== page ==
This is the time of year when top ten lists proliferate: a time to look back and take stock of the year. While there is an appeal in wrapping up 2018 with a bow, I don’t really look at time that way (I lose track of time all the time).
It is obvious, though, that we are living through a particularly complex and muddled period in which there is more disruption than clarity. I have seen a lot of great art this year, been fortunate to be able to place some very special works in wonderful collections and taken on thrilling new advisory projects. And yet so much of my time has been spent grappling with where we are in art during these vexing times.
When I try to make sense of art today, it feels similar to the 1970s—a period during which the rule book was thrown out, and artists splintered into byways of plurality. Then as now, it was unclear where art was going. Looking back with the benefit of hindsight, we can now recognize the 1970s as one of the most exciting and epoch-transforming decades in the history of modern culture. But then, that was a daring, liberating and revolutionary time for art while today feels rife with careerism, stylistic conservatism, and sophomoric (or base) chess moves.
I have a nagging sense that we are in a post-art period where work of true greatness and vision is barely making itself known, if at all. This is one of several issues: another is the sharp decrease in supply of A+ work demanded by today’s collectors (made by an increasingly narrow list of artists), and the concomitant decline of market interest in the work of living artists (whose names are not on the list). There has been a dramatic shift in the spirit of (and commitment to) collecting as a newer group of collectors surpasses an aging-out generation that is losing the appetite to attend the grand feast conjured up by a hyped and often superficial market.
At the same time, we are in a rich period in which the work of great artists who had previously been ignored or compartmentalized is being rediscovered, especially work by African American and female artists of the postwar years. But to many of us these artists were not hidden: they have simply been excluded from the feast that began in earnest when the market began writing the history of the art of our times in the early 1980s.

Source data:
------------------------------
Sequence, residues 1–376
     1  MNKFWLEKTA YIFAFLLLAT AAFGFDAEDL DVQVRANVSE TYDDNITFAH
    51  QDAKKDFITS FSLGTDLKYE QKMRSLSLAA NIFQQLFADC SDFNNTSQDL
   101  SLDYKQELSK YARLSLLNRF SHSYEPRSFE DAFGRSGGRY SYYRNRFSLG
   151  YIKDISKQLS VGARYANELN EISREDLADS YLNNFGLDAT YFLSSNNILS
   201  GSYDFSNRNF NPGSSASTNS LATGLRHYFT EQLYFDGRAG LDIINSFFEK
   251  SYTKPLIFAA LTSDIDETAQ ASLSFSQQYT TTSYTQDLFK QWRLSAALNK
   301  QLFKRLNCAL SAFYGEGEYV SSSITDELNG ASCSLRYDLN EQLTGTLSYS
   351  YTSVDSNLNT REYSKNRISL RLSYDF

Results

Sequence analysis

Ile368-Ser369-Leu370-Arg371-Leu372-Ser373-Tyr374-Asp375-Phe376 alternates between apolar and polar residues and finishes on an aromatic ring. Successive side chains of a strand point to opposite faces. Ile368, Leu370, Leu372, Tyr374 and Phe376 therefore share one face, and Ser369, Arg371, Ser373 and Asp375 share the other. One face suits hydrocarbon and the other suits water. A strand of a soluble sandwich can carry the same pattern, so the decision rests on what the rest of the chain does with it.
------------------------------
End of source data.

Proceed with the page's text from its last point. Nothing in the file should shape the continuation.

I keep asking “Why now?” Why are we replaying the recent past? I think, precisely, because we didn’t get it right. Look at all those in leadership positions in various industries who were abusing their power sexually, as we have discovered in recent years. There has been a huge resurgence of the women’s movement, as society at large is beginning to shout that it is mad as hell and not going to take it anymore.
And so, I am beginning to see this from the other side: maybe we are reexamining the past because the present can be so damned scary, corrupt, indecent and obscene. Society itself is demanding we get it right. To what extent it will succeed, I am not at all confident. But I do have abundant confidence in the world of art to lead the way.
For me, a person who has never really thought of December as a time to reflect backwards and set goals forwards, the spirit of our times is most poignantly and hauntingly encapsulated in the great retrospective “Bruce Nauman: Disappearing Acts” (at MoMA and MoMA PS1 until 18 February and 25 February respectively).
This exhibition of one of the greatest, most compelling and most incisive artists of our times roughly begins with a key early video work, Walk with Contrapposto (1968), and ends with a revisitation of it (Contrapposto Split, 2017). Walk with Contrapposto is a key early work, in which the artist takes the classical sculptural pose of a contrapposto out of the object and into the body of the artist in real time and space.
In a later rendition—the most recently made work in the exhibition—the basic technology of early video art displayed on a monitor has been transformed into an enveloping environmental experience, the lithe, youthful, artist-maker now old, his body split at the waistline and moving in opposing directions in 3-D video, a colostomy bag casually visible as the split artist seems to move forward and back at the same time.
In art and the art market, we are at a crossroads of body and soul: the market becoming more efficient as it forensically consolidates; and art in search of its soul, looking to the past to prepare for a future while searching for meaning. There may be moments of brutal cleansing in the process of getting there, but I do believe that clarity, wealth of content and purpose are not so far around the corner.
Wishing everyone peace, clarity and conviction for 2019.